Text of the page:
When she was a girl, so my mother told me, the extended family would gather at her family home for food, drink, and fun on Christmas Night. This was in the 1930s and 1940s, times of hardship and scarcity. Mum could remember one bleak year when the children were sent to bed early on Christmas Day because there was no food: her father was unemployed. But Christmas was usually a time of plenty, even extravagance, when the children ate their fill and more and so did anyone who came to the house. Mum would describe those girlhood feasts in mouth-watering detail, the succulent roast meat with the golden-brown roast potatoes cooked in its juices, the rich brown gravy, the many accompanying vegetables, the flaming Christmas pudding with a silver sixpence hidden inside and currants on top, followed by bowls full of mixed nuts in their shells and the once-a-year treat of fresh tangerines. Then, when everyone had eaten to their hearts’ content, came the evening festivities and the entertainment.
In those days people entertained themselves, everyone in turn presenting his or her “party piece.” Uncle Ted remembers their eldest brother Charlie giving his soulful rendition of Besame Mucho while accompanying himself on the accordion. One family member did an over-the-top Carmen Miranda impersonation every year, dancing the samba with a long, flowing skirt and a hat, in Uncle Ted’s words, “with no end of tropical fruit attached,” and singing I-Yi-Yi-Yi-Yi-Yi Like You Vairy Much, from the 1941 film, That Night in Rio. (Funnily enough, Mum told me that it was an uncle or other older male relative who did the Carmen Miranda piece, but Uncle Ted remembers, quite differently, that it was their elder sister Rene.) They both remember their father—my grandfather—in fine form after having successfully cooked and presided over the massive Christmas dinner, giving his dramatic recitation of Kipling’s Gunga Din, by heart, in its entirety. How I wish I could have witnessed that performance just once! (This was long before his youngest daughter ever dreamed that she would marry an Indian, in a union to which my grandfather, to his credit, readily gave his blessing.)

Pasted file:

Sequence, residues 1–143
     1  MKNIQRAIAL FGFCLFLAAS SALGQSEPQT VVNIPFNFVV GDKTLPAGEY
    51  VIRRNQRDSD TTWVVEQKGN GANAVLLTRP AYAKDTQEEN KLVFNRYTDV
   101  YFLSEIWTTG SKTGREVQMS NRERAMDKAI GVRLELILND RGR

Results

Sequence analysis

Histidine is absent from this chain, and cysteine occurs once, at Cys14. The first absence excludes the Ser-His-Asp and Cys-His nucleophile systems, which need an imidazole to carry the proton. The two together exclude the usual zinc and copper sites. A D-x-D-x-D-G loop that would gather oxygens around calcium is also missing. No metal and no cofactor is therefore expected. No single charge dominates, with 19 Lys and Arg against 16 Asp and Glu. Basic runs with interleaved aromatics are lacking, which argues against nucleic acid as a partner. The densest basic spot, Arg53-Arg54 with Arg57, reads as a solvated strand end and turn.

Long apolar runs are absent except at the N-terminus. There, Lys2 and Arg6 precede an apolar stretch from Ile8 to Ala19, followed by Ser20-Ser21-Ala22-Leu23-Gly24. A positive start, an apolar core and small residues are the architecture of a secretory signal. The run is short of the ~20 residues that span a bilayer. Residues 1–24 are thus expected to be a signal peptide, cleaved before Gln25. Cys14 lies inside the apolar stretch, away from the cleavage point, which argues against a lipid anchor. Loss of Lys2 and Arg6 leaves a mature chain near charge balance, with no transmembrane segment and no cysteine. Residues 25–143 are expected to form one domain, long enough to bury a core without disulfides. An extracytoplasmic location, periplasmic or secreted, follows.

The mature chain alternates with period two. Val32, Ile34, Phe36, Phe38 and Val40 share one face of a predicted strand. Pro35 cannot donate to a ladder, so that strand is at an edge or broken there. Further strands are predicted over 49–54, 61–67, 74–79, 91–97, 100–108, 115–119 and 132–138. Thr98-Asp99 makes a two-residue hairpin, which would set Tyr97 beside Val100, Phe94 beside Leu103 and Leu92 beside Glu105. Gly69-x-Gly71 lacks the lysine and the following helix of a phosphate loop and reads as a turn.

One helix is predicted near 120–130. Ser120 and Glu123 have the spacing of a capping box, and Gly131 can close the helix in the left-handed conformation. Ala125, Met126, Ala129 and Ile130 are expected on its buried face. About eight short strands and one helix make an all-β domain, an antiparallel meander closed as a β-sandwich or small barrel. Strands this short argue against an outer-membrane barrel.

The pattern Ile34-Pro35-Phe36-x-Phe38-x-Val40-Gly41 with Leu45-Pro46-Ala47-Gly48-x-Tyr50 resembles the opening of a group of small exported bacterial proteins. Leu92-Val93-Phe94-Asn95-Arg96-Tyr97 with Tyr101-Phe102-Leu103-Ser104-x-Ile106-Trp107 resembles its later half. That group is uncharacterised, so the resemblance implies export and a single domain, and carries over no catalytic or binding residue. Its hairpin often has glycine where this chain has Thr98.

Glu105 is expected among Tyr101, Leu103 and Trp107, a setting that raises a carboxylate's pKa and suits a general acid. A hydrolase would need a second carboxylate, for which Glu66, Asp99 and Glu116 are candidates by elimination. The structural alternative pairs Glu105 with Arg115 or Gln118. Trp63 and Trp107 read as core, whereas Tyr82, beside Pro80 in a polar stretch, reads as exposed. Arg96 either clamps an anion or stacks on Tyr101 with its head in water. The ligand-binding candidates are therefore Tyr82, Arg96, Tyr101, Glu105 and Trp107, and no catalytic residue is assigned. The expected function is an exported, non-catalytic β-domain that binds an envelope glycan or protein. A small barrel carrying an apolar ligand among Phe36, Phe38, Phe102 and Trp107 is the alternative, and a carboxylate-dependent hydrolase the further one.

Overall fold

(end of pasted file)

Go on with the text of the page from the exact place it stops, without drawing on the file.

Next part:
While we were growing up, we too created our own family entertainment. As children, my sister and I regularly stood to attention at the other end of the living room to perform for my parents’ benefit poems and songs we had just learned in school. When called upon at a party in Greece, my father would give a sultry rendition of Mandoubala, a Greek adaptation of a popular Hindi film song, to wild applause; and even in America, until quite recently, when we were relaxing after a big family meal, we would beg Dad for his kurta story, an Indian shaggy-dog tale which he told in his own inimitable style.